US and Japan denounce N. Korea on terror. Bombing last year seen as bid to disrupt run-up to S. Korea Olympics
Japan and the United States have passed sanctions against North Korea for engineering the Nov. 29 bombing of a South Korean jetliner. The European Community is also expected to issue a condemnation Thursday, US authorities say.
Washington last week put North Korea on its exclusive list of countries practicing international terrorism and Japan yesterday slapped on diplomatic and travel restrictions.
Officials point to what they call a long pattern of terrorist activities on the part of the North Koreans. Over the last week, new information has come to light about North Korean kidnappings of foreigners for intelligence uses.
In the November bombing, 115 people were killed; one of the two agents who planted the bomb died from self-inflicted poison after capture. US terrorism specialists say North Korea was suspected from the start. The confession of a North Korean woman who helped plant the bomb was conclusive.
Before accepting her confession in South Korean custody, US officials carefully interviewed her. They wanted to verify that the woman was not coerced to confess and that her testimony was credible. They came away convinced, as did the Japanese.
Tokyo is directly involved in the case because the agents who planted the bomb were traveling on false Japanese passports.
Since the US has no diplomatic relations and very little trade with North Korea, the direct effect of the US move to designate that country as a supporter of international terrorism will be minimal. The US will no longer allow even informal chats between US and North Korean diplomats, and extra scrutiny will be given to anything involving that country.
However, US officials say, the move it will add to international pressure on North Korea to abide by accepted norms, officials say. Tokyo's sanctions will add to this momentum, they say.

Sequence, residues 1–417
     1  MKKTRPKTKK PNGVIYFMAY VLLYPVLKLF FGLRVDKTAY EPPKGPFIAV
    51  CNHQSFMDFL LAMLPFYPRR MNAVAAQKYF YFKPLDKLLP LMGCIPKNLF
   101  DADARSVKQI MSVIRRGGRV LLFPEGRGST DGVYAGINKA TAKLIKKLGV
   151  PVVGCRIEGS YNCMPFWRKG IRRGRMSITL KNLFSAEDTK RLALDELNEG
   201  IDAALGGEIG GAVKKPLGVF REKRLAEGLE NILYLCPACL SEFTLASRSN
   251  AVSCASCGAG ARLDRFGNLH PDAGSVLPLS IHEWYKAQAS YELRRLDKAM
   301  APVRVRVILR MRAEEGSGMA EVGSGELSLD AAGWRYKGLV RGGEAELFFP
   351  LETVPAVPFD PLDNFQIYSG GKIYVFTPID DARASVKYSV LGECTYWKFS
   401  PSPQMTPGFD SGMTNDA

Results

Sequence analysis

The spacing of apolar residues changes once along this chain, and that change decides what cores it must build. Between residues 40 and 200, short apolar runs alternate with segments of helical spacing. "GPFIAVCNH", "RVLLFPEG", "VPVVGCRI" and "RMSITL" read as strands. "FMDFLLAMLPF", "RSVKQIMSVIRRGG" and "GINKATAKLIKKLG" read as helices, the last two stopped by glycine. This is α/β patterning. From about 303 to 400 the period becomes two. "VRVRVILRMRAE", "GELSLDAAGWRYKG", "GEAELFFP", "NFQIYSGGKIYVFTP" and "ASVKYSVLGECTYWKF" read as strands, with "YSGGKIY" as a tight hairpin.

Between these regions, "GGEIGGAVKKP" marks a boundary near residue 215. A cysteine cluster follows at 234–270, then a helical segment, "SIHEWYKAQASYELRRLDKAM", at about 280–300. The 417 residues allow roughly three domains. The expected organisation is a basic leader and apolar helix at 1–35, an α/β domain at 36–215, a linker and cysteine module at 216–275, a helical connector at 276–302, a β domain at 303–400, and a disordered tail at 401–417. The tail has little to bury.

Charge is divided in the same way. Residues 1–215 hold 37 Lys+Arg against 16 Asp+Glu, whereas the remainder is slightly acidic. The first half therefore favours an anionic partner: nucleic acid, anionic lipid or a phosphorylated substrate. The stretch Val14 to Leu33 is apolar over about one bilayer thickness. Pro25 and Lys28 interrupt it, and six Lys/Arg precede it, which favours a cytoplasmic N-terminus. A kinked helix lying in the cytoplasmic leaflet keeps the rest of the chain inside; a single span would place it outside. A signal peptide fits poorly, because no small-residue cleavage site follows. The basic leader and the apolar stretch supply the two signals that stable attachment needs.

The Japanese severely restricted diplomatic contacts with North Korea and suspended all flights between the two countries (which have no formal diplomatic ties). No Japanese officials will be permitted to visit North Korea, and no North Korean officials will be allowed to enter Japan.
``This terrorist act by North Korea should be strongly denounced and spurned by international society,'' said Keizo Obuchi, chief secretary of the Japanese Cabinet, yesterday.
Still, Tokyo had humanitarian reasons for wishing to proceed cautiously against North Korea: Two Japanese seamen have been held captive in North Korea for several years.
South Korea has decided to play the incident in a very statesmanlike way, US officials add. They will show their outrage and ask for international condemnation of the act, but they want to preserve a good atmosphere for the Olympic Games, for which they will be host in September.
US specialists on Korea see the bombing as part of North Korea's effort to destabilize the Games. They say the clear evidence in this case takes away the ``plausible deniability'' for further terrorism by the North and express hope that international condemnation will constrain North Korea.
The woman who confessed to having helped plant the bomb, pointed to a possible attempt by the North to destabilize the South. She says a Japanese woman who helped train her revealed that she had been kidnapped by North Korean agents. Japanese authorities will reportedly show her pictures of three Japanese women mysteriously kidnapped in 1978 to see if her tutor was among them.
A former South Korean actress, who was kidnapped by North Korea in 1978 and escaped in 1986, told the Washington Post last week that while in captivity she had meet a Jordanian and a Chinese woman who had also been kidnapped. She said she had heard of French and Malaysian women held against their will.
Iran, Libya, South Yemen, Cuba, and Syria are also on the US terrorism list.
Takashi Oka contributed to this report from Tokyo.